Unexpected findings, or incidentalomas, are increasing dramatically with the growth in the use of imaging technology within healthcare organizations. Incidentalomas may indicate significant health problems, such as malignancy in the medium or long term. However, they also may lead to overinvestigation, unnecessary radiation exposure, overtreatment, substantial downstream expenditures, and patient anxiety. Several systematic reviews have explored the prevalence and outcomes of incidentalomas. These studies used inconsistent and often inappropriate synthesis methods, commonly only focusing on one imaging scan or organ in a very limited number of patients. As a result, there is need for large-scale study of incidentalomas that can inform their follow up and guide efforts to optimize health outcomes. To address this need, we propose to build natural language processing (NLP) approaches to identify cancer-related incidentalomas reported in radiology reports (Aim 1) and to create the first large-scale incidentaloma database covering over half-a-million patients (Aim 2). Our research dataset will contain radiology reports, clinical notes containing imaging orders, as well as structured data such as demographic information (e.g., age) and diagnoses codes of patients who received radiologic imaging tests in University of Washington Medical Center (UWMC), Harborview Medical Center (HMC), Seattle Cancer Care Alliance (SCCA), and Northwest Hospital and Medical Center (NWMC) between 2007-2019. Our patient population will be linked to Hutchinson Institute for Cancer Outcomes Research (HICOR) data repository for detailed cancer outcomes and claims data. The created database will be used for clinical and economic analysis of incidentalomas (Aim 3). We will (1) evaluate the concordance between radiologists' documentation of incidentaloma follow-up and established clinical guidelines for thyroid, lung, adrenal, kidney, liver, and pancreas incidentalomas, (2) determine risk of subsequent cancer diagnosis and median survival for each category of incidentaloma, and (3) determine the incremental cost associated with follow-up imaging in patients with incidentalomas. All models and their implementations produced during the execution of this project will be shared with the community as open source. Additionally, the de-identified incidentaloma database will be made available to the research community under a data use agreement. By identifying risk factors for cancer diagnosis and death for common incidental findings, we will be able to provide critical information for future clinical practice guideline development and appropriate use criteria. We assembled a highly interdisciplinary team of experts in NLP, medical informatics, radiology, oncology, health outcomes, and health economics to ensure the successful completion of the proposed project.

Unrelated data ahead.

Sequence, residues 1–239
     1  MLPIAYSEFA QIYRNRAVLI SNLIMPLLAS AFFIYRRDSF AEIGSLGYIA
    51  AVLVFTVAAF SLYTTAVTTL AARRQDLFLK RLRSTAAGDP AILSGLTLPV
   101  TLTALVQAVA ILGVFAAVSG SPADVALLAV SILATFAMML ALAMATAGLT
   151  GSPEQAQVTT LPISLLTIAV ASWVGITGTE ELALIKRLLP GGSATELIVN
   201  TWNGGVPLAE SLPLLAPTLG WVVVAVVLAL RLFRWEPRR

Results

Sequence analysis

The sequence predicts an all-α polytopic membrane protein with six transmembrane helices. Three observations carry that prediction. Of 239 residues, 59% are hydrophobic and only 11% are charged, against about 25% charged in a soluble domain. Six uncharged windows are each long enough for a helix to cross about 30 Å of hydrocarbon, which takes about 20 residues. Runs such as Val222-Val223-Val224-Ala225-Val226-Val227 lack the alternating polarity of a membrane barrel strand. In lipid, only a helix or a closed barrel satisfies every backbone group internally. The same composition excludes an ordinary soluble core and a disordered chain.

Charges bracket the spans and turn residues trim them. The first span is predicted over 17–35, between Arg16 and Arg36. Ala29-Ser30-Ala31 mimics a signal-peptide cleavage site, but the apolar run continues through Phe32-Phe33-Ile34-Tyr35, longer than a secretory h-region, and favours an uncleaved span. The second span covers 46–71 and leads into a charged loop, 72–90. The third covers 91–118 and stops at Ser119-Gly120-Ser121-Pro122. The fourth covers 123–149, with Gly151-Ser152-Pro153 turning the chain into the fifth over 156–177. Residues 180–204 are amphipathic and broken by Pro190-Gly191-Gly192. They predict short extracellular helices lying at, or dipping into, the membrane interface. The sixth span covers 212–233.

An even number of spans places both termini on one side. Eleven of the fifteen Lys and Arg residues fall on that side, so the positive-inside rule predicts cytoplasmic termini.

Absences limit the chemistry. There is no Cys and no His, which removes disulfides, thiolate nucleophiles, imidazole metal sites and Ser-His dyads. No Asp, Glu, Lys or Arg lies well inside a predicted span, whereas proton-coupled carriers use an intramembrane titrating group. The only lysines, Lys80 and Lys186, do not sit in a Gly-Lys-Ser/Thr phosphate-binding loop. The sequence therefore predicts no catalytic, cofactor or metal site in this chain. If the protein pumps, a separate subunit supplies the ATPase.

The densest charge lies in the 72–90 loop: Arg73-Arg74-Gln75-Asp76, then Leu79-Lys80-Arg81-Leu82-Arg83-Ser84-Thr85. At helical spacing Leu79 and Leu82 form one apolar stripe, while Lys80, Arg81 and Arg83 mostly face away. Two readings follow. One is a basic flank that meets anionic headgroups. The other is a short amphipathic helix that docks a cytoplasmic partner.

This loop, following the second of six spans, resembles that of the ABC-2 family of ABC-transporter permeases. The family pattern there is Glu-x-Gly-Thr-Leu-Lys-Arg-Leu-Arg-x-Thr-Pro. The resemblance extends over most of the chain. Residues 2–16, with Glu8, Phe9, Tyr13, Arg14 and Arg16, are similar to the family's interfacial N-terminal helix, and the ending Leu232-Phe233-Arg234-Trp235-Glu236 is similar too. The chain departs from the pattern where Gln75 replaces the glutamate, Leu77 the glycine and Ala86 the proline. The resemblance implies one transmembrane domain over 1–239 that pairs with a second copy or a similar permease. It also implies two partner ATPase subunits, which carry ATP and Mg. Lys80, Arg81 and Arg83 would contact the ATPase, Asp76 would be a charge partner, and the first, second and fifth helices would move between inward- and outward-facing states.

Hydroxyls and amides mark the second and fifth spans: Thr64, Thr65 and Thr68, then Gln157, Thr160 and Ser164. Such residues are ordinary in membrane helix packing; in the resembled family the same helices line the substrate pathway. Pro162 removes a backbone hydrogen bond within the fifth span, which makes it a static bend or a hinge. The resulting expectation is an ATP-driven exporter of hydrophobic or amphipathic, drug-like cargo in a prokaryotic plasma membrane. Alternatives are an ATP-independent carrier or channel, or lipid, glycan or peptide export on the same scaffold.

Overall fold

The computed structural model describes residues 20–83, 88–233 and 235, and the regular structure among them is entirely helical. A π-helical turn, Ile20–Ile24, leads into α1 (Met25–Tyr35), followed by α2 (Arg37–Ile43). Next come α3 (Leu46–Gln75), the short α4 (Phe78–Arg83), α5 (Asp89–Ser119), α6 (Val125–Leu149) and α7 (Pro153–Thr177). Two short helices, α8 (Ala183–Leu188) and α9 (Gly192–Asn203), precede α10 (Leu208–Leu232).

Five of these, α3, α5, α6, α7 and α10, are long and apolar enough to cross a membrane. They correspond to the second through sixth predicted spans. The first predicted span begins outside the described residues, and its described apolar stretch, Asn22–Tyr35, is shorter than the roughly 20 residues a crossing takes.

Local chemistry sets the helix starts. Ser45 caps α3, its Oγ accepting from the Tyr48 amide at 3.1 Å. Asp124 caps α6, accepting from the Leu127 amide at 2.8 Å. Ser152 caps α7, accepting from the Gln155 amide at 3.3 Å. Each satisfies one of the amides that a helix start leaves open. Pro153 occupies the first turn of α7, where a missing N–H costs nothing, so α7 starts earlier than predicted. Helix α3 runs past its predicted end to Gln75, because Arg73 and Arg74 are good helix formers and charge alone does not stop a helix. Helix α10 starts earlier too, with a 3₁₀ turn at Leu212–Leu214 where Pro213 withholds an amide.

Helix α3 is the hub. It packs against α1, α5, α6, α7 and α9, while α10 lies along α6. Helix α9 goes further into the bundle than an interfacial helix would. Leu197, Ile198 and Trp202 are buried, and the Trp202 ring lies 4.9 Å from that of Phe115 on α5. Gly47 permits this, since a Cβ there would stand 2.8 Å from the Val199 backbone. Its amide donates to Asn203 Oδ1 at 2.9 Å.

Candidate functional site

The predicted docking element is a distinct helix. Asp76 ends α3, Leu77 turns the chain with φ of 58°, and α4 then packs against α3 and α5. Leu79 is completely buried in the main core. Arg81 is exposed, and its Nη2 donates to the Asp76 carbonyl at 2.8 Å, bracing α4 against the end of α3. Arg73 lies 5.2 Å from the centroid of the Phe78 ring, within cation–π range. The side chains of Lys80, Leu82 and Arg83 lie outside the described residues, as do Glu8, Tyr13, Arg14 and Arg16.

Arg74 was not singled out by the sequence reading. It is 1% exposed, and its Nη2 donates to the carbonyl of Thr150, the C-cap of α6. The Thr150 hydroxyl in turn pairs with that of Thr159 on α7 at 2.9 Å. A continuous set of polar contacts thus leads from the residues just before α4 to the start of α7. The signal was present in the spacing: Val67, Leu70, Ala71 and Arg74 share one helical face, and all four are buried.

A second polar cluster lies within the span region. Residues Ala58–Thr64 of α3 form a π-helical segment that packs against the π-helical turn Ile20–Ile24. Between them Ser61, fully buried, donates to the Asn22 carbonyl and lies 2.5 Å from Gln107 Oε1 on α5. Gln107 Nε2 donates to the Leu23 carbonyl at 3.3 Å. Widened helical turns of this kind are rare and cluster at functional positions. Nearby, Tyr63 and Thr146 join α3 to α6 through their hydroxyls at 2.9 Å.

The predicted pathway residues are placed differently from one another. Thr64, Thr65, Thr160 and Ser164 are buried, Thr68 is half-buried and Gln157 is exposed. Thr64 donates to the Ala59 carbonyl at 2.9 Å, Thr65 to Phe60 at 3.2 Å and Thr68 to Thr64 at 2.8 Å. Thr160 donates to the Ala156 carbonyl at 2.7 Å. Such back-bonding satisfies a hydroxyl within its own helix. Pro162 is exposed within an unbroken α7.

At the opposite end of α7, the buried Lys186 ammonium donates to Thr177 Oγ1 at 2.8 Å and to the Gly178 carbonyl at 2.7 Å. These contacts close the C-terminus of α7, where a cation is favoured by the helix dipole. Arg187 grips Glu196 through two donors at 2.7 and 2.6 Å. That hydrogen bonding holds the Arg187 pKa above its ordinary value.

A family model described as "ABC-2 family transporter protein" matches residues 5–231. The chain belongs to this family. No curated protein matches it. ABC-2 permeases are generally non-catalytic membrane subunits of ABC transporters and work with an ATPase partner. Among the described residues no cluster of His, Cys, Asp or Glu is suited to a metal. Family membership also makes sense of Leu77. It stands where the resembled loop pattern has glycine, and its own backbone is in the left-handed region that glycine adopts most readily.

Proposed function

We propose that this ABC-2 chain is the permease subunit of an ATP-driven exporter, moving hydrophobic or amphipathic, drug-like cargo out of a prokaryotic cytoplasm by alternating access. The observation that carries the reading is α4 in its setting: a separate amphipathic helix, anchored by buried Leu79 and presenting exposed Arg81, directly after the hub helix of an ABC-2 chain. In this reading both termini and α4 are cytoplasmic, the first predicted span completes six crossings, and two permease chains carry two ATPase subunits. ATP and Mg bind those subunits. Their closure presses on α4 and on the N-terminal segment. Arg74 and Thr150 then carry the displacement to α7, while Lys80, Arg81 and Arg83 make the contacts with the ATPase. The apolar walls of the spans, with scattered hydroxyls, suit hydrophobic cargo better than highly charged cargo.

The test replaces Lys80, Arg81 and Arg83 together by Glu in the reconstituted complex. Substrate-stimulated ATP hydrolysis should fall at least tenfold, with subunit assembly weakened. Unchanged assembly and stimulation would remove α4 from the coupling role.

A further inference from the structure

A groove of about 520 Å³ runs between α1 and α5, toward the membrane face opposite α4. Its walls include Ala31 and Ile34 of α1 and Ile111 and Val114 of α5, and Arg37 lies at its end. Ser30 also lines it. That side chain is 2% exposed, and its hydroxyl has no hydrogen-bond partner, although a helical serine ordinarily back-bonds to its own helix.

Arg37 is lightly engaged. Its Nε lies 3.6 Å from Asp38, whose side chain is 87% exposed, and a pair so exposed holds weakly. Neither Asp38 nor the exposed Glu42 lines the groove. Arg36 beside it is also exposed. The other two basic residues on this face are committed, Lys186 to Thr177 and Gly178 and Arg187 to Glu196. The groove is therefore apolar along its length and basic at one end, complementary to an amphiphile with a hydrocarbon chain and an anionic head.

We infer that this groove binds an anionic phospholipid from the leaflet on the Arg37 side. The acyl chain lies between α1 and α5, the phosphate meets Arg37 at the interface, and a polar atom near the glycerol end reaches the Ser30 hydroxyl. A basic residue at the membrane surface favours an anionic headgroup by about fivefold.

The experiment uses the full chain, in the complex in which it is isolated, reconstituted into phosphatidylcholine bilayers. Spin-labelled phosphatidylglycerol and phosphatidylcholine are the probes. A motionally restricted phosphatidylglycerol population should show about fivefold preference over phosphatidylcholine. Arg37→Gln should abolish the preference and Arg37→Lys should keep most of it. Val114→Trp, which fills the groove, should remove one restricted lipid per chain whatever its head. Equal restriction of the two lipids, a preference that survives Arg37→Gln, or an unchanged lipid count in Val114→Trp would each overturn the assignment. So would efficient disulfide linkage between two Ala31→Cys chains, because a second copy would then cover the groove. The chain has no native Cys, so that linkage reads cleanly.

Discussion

Incidentalomas may indicate significant health problems, such as malignancy to the patient in the short or medium term, but also may lead to overtreatment, which comes with substantial downstream expenditures as well as patient anxiety. In this project, we will build natural language processing approaches to extract cancer related incidentalomas reported in radiology reports (Aim 1) and create the first large scale incidentaloma database for half-a-million patients who received radiologic imaging tests in University of Washington Medical Center, Harborview Medical Center, Seattle Cancer Care Alliance, and Northwest Hospital and Medical Center between 2007 and 2019 (Aim 2). This database will be used for clinical and economic analysis of incidentalomas (Aim 3).